Workspace obsolescence is not a new topic among thought leaders but has taken on a new twist. Over the past 10 years, technology and demographic changes in the workspace have had huge impacts on designing a space that can adapt to divergent demands. The rate of change is not only impacting workspace design but is also central to the debate on in-office work versus remote work.
There is a way to offset the phenomenon of workspace obsolescence. When done correctly, the analysis of current work modes, demographics, and collaboration style is evaluated for both workforce productivity and cultural balance. This is only a snapshot of today, so it’s also important to look ahead to predict a workspace solution for the future workforce. The goal is to design a workspace that is balanced for today’s workforce while flexible enough to attract and retain future employees as well. From a workspace design perspective, this can be simplified based on work modes and supported with training and policy.
The hybrid workspace in the near term will emphasize Meeting, Social, and Learning work modes, while Focus work will occur at home or in the “3rd place.” This evolution is already under way and supports the philosophy of designing workspace to be flexible for multi-use applications.
Our thinking is that workspace design has always needed flexible, multi-use outcomes to accommodate change over the lifespan of an office lease. Our expertise comes from over 25 years as both an office furniture dealer and full-spectrum workspace service provider. Today, we are very busy moving, reconfiguring, or decommissioning fixed-in-place workspaces that are no longer viable to the user. Providing these services informs the workspace design solutions we recommend. This is now only part of the equation; the very existence of workspaces is debated among most companies.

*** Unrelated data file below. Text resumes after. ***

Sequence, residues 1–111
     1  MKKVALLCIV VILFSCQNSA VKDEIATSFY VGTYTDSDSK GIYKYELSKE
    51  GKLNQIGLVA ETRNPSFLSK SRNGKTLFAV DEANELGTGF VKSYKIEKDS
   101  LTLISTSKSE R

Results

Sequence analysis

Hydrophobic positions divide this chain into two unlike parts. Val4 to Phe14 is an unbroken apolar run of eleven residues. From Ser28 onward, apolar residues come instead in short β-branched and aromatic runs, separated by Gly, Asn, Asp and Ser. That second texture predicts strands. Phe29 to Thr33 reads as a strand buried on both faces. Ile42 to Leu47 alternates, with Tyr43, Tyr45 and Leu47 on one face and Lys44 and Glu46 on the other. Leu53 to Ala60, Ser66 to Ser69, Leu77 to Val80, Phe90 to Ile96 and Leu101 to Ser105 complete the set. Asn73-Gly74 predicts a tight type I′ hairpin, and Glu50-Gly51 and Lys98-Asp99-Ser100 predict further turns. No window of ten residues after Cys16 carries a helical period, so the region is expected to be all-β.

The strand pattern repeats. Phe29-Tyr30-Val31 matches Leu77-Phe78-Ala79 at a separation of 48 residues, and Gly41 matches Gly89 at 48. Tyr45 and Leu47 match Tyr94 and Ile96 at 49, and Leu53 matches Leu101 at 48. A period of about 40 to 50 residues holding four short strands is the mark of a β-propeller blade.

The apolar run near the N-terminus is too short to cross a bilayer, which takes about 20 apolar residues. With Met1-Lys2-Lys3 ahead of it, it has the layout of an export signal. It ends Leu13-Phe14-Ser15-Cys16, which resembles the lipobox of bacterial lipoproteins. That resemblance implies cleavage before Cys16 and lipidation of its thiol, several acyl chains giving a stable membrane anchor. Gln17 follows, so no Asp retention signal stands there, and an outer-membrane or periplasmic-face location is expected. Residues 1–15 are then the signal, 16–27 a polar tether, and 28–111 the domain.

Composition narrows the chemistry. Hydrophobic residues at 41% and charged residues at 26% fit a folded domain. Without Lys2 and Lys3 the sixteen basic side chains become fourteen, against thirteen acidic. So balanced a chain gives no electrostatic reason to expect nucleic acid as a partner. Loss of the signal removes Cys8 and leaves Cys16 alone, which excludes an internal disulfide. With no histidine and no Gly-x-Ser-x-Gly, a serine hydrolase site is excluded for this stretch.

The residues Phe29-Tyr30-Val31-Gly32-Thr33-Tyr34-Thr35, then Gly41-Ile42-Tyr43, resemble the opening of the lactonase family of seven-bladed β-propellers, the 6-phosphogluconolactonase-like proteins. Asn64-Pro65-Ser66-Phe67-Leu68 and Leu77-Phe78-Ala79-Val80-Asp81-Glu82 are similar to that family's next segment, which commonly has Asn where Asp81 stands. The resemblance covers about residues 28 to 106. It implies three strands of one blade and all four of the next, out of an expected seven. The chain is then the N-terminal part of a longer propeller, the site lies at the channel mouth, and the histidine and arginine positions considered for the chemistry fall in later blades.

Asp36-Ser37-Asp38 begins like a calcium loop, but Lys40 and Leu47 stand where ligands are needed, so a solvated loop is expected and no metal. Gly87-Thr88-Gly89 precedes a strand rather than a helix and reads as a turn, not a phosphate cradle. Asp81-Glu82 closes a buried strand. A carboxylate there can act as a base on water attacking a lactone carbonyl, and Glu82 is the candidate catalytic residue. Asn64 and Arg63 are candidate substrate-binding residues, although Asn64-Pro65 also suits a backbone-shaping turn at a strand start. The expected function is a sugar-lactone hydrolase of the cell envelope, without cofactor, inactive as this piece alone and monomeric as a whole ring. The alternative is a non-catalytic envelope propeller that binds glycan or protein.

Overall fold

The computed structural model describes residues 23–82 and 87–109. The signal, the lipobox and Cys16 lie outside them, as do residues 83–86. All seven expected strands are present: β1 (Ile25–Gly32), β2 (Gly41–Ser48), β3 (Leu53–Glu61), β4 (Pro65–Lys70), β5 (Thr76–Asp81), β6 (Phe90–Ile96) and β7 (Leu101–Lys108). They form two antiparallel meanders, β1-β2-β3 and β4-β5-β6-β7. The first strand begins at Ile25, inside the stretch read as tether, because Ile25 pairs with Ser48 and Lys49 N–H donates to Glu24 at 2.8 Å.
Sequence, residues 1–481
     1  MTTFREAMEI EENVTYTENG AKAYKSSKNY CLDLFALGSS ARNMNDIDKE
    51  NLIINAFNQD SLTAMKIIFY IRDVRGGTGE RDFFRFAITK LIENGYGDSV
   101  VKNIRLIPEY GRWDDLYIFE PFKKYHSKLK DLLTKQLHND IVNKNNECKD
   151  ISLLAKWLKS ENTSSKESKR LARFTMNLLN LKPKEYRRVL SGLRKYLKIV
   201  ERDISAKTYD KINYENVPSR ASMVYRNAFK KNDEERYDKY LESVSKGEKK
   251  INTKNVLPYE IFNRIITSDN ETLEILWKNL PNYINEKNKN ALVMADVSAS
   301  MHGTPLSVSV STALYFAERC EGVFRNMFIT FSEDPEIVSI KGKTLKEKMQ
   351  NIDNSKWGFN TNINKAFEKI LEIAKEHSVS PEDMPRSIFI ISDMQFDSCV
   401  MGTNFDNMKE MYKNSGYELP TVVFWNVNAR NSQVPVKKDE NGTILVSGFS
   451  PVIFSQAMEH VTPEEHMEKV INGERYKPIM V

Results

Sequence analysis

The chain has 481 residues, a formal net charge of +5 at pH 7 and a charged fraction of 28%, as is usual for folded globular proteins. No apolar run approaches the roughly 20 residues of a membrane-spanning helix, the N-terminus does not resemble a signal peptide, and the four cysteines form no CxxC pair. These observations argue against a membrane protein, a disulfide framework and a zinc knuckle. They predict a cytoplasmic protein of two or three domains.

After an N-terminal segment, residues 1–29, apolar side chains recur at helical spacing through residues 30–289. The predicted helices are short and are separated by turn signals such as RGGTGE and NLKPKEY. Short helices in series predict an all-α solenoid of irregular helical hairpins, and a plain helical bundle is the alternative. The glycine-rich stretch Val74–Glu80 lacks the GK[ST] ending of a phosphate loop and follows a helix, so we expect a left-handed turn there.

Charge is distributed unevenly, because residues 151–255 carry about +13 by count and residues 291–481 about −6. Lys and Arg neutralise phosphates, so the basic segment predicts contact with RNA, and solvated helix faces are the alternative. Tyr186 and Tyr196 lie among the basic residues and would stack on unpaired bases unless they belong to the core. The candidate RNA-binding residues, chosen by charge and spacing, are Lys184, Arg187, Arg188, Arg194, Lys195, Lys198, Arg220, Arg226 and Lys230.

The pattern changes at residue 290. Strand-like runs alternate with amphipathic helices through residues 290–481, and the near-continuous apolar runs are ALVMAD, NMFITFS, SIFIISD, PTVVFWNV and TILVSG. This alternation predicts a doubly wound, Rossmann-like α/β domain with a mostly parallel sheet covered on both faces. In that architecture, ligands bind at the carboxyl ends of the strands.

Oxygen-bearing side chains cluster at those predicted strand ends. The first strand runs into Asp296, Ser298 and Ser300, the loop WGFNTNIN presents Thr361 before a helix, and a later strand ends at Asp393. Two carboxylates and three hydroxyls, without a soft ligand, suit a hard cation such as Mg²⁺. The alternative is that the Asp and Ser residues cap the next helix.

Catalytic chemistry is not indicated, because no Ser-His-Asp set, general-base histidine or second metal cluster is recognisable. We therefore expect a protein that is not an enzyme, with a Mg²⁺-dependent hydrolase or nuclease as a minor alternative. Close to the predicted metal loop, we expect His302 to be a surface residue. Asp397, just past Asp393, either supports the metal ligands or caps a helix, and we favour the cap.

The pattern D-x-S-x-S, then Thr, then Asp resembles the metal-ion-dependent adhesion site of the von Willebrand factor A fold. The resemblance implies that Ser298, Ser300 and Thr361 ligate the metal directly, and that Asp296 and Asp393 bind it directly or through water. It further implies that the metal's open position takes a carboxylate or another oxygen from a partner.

The need for workspace itself is the question that has many in “analysis paralysis.” How and where will company culture develop and manifest? This question is evolving and for many it remains unanswered. Most important in my mind is how those entering the workforce will be trained and mentored for success? We believe our business is learned by “doing” as most are, and a true understanding of the nuance of the business takes about five years. Ultimately, companies need to figure out how to on-board new hires and develop and grow their talent. These variables are only part of the decision-making process that challenge companies both large and small.
There is no doubt we’re only scratching the surface in both workspace design obsolescence and workspace relevance. Over my time in the industry, I have seen workstation footprints shrink from 8’ x 10’ to 5’ x 5’. I’ve seen cubicles transition to open space transition to sound dampening dividers. My experience has taught me that the key to creating a workspace that works for you is understanding the needs of your company. This is not so much a change from the way we’ve delivered workspace in the past, rather rearranging the work-modes we are supporting for the current and future workforce.
Sometimes the more things change, the more they stay the same…